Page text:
There Is a Street Poet in Dallas, Creating Beautiful Words by Request

Look for this typewriter.
Look for this typewriter.

On Valentine's Day, if you were wandering the streets of Deep Ellum, it's possible you saw a woman plucking at a typewriter outside Twilite Lounge. A closer look would've told you that this woman was writing poems by request for total strangers.

Fatima-Ayan Malika Hirsi has been setting up her typewriter in the Bishop Arts District almost every weekend since last May. A longtime writer and poet, she'd already been publishing poems daily on her blog, before she borrowed the idea from a friend living in Austin, who supports herself financially from her street poems. Hirsi's ventures haven't been quite that lucrative, but she's written hundreds of poems about everything from long lost love, Jesus or someone's favorite vegetable.

"I wrote a poem about a potato once," she laughs. "That was a funny one, but I incorporated references to Into the Wild so it came out alright."

The basic format is always the same. Someone will cautiously approach the typewriter and ask for a poem, then they pick a topic, or a person or an idea. Then Hirsi asks for one truth about the topic, and she might Google around for a minute or take observations from the interaction. She says the quality of the poem is almost always related to the quality of the connection she makes with the person.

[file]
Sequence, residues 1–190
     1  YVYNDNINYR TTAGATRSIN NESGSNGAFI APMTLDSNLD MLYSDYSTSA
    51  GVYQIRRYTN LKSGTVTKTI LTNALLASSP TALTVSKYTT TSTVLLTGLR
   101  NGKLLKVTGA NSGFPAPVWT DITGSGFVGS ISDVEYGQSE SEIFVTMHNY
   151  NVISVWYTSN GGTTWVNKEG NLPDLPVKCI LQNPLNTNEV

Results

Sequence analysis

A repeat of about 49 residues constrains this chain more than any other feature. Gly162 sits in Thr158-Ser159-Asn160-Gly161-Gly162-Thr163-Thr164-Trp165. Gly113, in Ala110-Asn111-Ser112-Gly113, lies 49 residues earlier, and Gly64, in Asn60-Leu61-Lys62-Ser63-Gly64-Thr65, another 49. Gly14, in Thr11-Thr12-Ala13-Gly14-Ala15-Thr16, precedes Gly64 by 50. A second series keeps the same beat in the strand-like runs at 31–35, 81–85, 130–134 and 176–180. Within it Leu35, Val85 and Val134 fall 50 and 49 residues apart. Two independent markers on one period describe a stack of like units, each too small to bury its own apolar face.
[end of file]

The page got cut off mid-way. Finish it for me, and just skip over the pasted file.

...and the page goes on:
"Most of the time people don't hold back at all," she says. "They know they're never going see me again, so they are just very open and honest."

There's no official price for each poem, Hirsi instead lets the recipient decide how much to pay, allowing people to be generous or pay whatever they can afford. It's not about the money for her, as a poetry teacher with the Writer's Garrett, it's just love of the craft and spreading poetry all over Dallas. Plus, as most of her friends and family know, Hirsi is likely to write poems to mark important events, or send congratulations.

"A friend just had a baby, so I wrote her poem," says Hirsi. "I write poetry all the time anyway, so I figure why not be out meeting people?"

You can find Hirsi after 6 p.m. most Friday and Saturday nights at the corner of Bishop and 7th behind her typewriter.

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